Text can be beautiful, simple, wild, interesting, exciting, and many other kinds. It can inspire emotions and help users understand the message you are trying to convey. There are many kinds of fonts, but one thing is common-it must be readable.
This is a factor that is often forgotten. Designers put too much information into too small a space or choose fonts that look better than readability. But the point is: if the font is unreadable, your design will not be fully effective.
Although a bit sensational, it is almost universal. You ask: "What are those fonts as art elements?" Unreadable fonts do work in this type of design, but are limited to text that is readable.
In the narrow space to reflect the readability
What makes text readable? It is actually a result of a number of factors, including the length of the line, line spacing, font style, outer and inner margins, and color and contrast.
Each element affects the ease with which the screen reads. Each of these elements is something that the designer can manipulate. Remember, the elements discussed in this article refer to the text in the body of the Web site, where the readability of the text can be said to be the primary consideration. (The standard for other text is relatively loose, as long as the body part is highly readable.) )
Line length: The number of characters per line plays a major role in the overall readability. If the text passages are very wide, it is scary and difficult to read. Similarly, each line of text is too short, it will bring pressure to the reader's eyes, causing confusion.
Leading: spacing between lines of text is equally important. Look at this article, if each line of text is glued to the next two lines, you can't understand these sentences.
Font style: The style of the font can also affect readability. Concise serif fonts and sans serif fonts are the most readable and easy to navigate, while those gorgeous calligraphy and novelty fonts are the hardest to decipher.
Outside and inside margins: As with line spacing, the space between the elements and between them also affects the user reading the text itself.
Color vs. Contrast: Text color is also important for the corresponding background. If you write green text on a green background, it's hard to read. The designer chooses a dark background with a light character, or a light background with a dark character, for a reason. Contrast makes the characters easy to read.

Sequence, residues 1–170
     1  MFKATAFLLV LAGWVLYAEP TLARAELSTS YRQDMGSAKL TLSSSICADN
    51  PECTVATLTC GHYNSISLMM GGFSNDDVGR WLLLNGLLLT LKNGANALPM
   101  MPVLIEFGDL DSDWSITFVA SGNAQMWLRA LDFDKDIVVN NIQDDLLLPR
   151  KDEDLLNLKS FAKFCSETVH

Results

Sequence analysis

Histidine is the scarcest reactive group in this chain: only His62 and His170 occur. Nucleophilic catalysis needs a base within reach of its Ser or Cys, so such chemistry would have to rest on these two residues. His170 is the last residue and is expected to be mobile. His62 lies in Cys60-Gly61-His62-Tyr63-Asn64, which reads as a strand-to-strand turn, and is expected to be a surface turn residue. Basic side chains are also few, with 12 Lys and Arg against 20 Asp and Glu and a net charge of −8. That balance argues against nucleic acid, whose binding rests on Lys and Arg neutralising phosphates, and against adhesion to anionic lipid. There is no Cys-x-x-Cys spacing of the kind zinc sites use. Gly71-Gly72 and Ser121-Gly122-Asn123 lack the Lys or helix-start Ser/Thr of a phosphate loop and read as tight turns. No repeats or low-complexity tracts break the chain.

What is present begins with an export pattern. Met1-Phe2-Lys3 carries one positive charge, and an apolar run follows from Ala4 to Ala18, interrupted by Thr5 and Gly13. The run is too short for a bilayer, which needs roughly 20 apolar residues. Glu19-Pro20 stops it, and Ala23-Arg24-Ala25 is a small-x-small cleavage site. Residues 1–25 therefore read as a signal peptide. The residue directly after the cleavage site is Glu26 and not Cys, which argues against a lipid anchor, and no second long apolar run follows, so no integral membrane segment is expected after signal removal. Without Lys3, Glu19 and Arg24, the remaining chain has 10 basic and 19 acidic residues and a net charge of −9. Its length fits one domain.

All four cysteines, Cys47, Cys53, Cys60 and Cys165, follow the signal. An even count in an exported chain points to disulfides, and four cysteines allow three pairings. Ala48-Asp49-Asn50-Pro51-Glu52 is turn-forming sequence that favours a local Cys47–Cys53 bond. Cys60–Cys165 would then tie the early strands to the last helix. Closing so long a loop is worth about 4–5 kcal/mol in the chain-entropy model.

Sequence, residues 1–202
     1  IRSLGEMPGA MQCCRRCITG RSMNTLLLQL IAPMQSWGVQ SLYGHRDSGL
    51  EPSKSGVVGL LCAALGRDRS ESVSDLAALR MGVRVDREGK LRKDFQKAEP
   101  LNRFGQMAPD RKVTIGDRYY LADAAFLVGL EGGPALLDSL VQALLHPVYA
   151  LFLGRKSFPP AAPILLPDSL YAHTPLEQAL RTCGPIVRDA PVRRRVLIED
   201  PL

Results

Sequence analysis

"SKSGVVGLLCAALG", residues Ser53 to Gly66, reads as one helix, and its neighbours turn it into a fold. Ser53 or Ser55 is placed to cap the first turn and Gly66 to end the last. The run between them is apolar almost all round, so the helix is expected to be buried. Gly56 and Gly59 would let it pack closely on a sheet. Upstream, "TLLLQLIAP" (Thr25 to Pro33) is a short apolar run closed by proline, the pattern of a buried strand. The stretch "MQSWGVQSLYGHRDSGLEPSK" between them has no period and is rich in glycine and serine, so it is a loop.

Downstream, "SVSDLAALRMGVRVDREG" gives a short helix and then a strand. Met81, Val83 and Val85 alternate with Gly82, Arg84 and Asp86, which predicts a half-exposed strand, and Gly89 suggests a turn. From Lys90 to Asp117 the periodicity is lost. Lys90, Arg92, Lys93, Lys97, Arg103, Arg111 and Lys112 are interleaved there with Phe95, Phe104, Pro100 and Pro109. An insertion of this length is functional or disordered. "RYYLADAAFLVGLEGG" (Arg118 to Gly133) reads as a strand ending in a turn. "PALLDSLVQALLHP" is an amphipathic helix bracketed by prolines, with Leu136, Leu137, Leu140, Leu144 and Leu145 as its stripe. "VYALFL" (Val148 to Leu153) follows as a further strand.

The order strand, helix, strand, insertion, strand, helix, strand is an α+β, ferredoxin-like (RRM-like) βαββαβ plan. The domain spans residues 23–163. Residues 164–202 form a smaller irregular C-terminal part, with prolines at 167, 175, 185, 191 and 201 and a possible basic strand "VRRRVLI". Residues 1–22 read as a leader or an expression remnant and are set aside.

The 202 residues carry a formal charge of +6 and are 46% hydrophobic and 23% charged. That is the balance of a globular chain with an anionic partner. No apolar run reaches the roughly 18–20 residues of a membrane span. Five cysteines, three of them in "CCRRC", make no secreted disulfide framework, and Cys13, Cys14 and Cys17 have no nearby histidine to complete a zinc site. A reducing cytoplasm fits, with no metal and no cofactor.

Readability on different screens
How do you create the most readable text? If it's body text, there are some basic guidelines that specify the number of words per line--each device is different--to help create the best readability.
Where do we start? The best line length helps you to determine the size of the text paragraph. You can do this: determine the width of the body part--it can usually be assumed to be divided into three sizes of desktops, tablets, and mobile phones. Then resize the text to an ideal line of words.
While there are other factors at work, these guidelines are a good starting point.
Desktop: 55 to 75 English characters per line, including spaces; the ideal state is 65 characters per line
Mobile devices: 35 to 50 characters per line
Combining the best single words with the perfect line spacing improves readability. Typically, line spacing is best defined as a percentage of the body font size, or it can be defined as a fixed value or EM.
Desktop: 1.5 times times the font size
Mobile device: 1.75 to twice times the font size
If you want to find a tool to simplify all of this work, try the Golden Scale text counter.
Other tips for readability
To create readable typography, text outside the body is also very relevant. Using headings, unordered lists, extra spacing between paragraphs, and colors also improves overall readability (headings help you navigate the entire site).
Consider using the following elements to improve the text level and create a more complete, more readable web design. Remember to "design" these elements into a unique font, font size, and color, and maintain consistency in the body.
Bold or italic characters
Unordered or ordered lists
Image elements, such as photos
Mix line and sans serif fonts in individual elements
10 easy to read fonts
No text that discusses readability does not recommend fonts. Here are 10 types of highly readable-and quite popular-fonts that you can choose to set up for your site. (self-owned ladder)
Sans serif fonts
Old Standard TT
Now that you have a good idea and decide what fonts and styles to use in your next design project, are you sure you can combine them in a completely readable way? Here is a list of the fonts you plan to design.
Is the main part of the font size big enough? Does it achieve the best length on each device?
Is there enough space between each line of text?
Is there enough space between the text and the page boundaries and other elements?
Body text color and background contrast strong enough?
Is there any extra space between each new paragraph?
are headings and other elements different from body text?
Do you use other elements (no sequence tables, bold characters, etc.) to break down large pieces of text?
Does the body text use a readable font (it is recommended that you choose a line or sans serif font)?
Readability is a vital part of the design. If you can't read and understand what's on the page, it's completely irrelevant and unimportant to the user.
How do you plan for readability in a design project? Do you have any other skills to succeed? Share it with us in the comments.
Want to use a good font? You have to read its character first!